AN ECONOMIC ANALYSIS OF THE ADDITION OF BEVACIZUMAB TO STANDARD CHEMOTHERAPY IN PATIENTS WITH MALIGNANT PLEURAL MESOTHELIOMA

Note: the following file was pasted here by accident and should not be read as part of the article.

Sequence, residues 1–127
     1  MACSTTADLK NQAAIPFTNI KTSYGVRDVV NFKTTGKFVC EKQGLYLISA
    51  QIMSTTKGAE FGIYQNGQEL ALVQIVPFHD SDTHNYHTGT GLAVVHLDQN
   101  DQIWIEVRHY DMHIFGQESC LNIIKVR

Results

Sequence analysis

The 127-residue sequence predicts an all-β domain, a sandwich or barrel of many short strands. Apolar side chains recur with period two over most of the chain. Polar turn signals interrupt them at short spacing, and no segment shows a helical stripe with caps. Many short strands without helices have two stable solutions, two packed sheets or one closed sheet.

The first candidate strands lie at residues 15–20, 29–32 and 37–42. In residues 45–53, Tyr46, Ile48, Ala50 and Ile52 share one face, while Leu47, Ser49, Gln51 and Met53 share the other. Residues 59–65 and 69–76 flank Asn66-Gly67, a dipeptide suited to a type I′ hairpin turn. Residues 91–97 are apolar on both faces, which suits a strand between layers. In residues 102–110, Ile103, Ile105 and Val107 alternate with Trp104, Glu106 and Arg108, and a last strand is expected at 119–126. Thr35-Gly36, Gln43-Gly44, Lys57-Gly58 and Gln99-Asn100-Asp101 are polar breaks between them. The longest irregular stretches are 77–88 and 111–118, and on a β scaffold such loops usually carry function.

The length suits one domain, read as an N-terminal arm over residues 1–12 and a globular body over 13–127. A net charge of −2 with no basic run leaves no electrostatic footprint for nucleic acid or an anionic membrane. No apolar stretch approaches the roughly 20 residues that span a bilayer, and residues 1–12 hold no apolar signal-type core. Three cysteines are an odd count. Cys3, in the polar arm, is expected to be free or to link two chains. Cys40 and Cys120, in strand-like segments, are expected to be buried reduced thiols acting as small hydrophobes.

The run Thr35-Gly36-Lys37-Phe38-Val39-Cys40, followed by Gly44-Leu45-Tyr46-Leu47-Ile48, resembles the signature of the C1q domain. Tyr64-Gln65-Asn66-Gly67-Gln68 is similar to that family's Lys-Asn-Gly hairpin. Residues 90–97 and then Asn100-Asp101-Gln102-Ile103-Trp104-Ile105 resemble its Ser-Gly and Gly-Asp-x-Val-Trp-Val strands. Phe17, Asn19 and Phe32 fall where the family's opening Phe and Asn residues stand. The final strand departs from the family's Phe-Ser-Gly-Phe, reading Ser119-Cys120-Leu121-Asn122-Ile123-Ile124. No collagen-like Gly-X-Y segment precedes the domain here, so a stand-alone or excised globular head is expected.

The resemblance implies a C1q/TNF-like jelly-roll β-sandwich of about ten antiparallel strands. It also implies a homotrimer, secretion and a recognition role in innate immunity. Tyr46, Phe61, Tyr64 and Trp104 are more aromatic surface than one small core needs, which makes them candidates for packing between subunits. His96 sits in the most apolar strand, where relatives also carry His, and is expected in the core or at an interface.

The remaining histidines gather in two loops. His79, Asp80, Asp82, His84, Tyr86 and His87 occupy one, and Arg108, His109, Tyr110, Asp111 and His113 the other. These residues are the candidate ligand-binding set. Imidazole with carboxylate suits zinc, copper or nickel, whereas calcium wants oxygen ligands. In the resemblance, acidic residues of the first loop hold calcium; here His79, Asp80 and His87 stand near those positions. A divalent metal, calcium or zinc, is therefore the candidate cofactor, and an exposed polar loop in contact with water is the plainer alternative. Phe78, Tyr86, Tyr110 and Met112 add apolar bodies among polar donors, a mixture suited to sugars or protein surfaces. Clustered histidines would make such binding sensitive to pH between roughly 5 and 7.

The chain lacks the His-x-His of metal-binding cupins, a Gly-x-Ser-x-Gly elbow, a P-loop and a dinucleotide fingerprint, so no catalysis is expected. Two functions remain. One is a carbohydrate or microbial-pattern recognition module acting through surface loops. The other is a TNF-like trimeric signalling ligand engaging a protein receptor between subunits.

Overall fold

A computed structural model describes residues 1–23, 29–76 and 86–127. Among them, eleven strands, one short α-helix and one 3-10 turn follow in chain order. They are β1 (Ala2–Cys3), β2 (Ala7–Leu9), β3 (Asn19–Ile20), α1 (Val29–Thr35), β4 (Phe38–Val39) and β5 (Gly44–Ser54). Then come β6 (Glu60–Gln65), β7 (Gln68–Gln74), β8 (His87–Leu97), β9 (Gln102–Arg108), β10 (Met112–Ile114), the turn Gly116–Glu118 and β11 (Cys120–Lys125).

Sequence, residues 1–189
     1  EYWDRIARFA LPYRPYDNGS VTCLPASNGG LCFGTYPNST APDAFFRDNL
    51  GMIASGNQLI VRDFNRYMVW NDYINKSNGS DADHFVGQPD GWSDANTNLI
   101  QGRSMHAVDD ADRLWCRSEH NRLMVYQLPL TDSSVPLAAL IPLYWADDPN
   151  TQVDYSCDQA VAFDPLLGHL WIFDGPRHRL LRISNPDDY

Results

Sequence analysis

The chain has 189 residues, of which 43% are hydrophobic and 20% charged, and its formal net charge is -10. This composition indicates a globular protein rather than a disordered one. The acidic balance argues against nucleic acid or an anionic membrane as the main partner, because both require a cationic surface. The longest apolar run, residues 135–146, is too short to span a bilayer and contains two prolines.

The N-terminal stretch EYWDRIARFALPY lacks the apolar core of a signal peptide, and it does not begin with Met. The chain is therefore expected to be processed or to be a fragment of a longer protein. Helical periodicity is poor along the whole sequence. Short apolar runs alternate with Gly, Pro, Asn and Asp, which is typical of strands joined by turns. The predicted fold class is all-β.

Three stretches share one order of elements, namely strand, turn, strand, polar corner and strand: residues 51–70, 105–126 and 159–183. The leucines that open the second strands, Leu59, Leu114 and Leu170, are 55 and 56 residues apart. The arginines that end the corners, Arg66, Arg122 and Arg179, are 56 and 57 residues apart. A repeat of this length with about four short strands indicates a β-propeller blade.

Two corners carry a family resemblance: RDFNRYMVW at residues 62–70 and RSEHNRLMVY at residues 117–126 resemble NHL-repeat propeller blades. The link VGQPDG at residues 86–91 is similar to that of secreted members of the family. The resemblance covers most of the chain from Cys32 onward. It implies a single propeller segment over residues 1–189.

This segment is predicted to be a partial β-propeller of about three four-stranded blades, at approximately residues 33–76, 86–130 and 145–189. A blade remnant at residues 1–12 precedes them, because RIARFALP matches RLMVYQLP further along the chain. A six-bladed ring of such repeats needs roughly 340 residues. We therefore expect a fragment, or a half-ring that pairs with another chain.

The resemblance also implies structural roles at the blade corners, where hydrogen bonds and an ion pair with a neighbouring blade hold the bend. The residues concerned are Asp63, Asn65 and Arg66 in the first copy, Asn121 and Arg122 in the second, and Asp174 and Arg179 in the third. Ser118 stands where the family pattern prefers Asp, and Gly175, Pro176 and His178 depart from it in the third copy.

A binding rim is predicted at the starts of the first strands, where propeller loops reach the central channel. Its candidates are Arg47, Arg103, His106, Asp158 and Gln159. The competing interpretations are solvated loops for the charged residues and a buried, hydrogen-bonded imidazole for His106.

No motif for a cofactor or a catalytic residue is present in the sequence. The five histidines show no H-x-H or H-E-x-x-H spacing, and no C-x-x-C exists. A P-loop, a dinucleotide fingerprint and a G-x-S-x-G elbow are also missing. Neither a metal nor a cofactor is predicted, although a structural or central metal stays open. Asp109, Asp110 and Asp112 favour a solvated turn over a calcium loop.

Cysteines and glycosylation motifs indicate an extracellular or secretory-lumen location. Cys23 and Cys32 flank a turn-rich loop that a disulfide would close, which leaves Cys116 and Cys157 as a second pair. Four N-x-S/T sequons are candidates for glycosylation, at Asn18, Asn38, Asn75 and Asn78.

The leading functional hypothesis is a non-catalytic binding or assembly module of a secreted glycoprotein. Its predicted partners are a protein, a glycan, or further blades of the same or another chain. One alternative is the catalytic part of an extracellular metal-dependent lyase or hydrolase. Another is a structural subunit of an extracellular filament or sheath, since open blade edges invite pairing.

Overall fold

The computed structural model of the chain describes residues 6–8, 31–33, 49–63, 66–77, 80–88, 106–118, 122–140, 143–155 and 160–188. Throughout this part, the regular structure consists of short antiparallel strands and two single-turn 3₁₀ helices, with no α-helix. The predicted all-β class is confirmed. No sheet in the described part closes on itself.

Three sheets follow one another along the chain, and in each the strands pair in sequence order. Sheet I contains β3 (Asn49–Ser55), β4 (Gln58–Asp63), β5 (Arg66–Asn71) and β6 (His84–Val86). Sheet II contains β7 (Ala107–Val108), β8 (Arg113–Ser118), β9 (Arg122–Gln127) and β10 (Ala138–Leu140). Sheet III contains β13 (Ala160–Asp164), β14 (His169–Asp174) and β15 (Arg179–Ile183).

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Objectives A recent Phase III trial, MAPS (Mesothelioma Avastin Cisplatin Pemetrexed Study), investigated the addition of bevacizumab to cisplatin plus pemetrexed (PCB) as compared to pemetrexed plus cisplatin (PC) alone in malignant pleural mesothelioma (MPM) patients. The trial results indicate that patients taking bevacizumab had improved progression free survival (PFS) and overall survival (OS) compared with the control group. Our objective was to evaluate the cost-effectiveness of adding bevacizumab to cisplatin and pemetrexed from a Medicare perspective. Methods A partition-survival model with 3 health states: Pre-progressive, Progressive and Death, was developed to perform the cost-utility analysis. Survival data were derived from the MAPS study. We used the method described by Hoyle & Henley to derive appropriate parametric survival functions for the PFS and OS curves, using Kaplan-Meier curves extrapolated to lifetime as the base case. The treatment of adverse events (grade 3+ and with frequencies of at least 5% in one of the arms) were included in the evaluation. Utility data were derived from the literature on patient quality of life in non-small cell lung cancer. Costs included treatment, administration, adverse events, and supportive care and were calculated based on average sales price, diagnosis-related group payments, current procedural terminology codes and publications in the literature. The model used monthly cycles, a 3% discount rate and costs were reported in 2015 US$. One-way, scenarios and probabilistic sensitivity analyses (PSA) to evaluate the impact of parameter uncertainty were undertaken. A value of information analysis was performed to determine the value of perfect information and value of perfect parameter information. Results Compared to standard chemotherapy, patients receiving bevacizumab plus pemetrexed and cisplatin had 0.285 more life years (LYs), 0.20 more quality adjusted life years (QALYs), and an additional cost of $146,851 per individual. The incremental cost effectiveness ratios (ICER) were estimated to be $515,850 per life year gained and $726,110 per QALY gained. A one-way sensitivity analysis showed that the parameters with the most impact on the results were the survival distributions, pre-progressive utility scores and bevacizumab drug cost. The PSA indicated that PCB has a 0% probability of being cost effective at a Willingness-To-Pay threshold of $ 150,000 per QALY gained. Conclusion The addition of bevacizumab to the current standard of care may not be considered cost-effective from a Medicare perspective according to commonly used willingness-to-pay thresholds.
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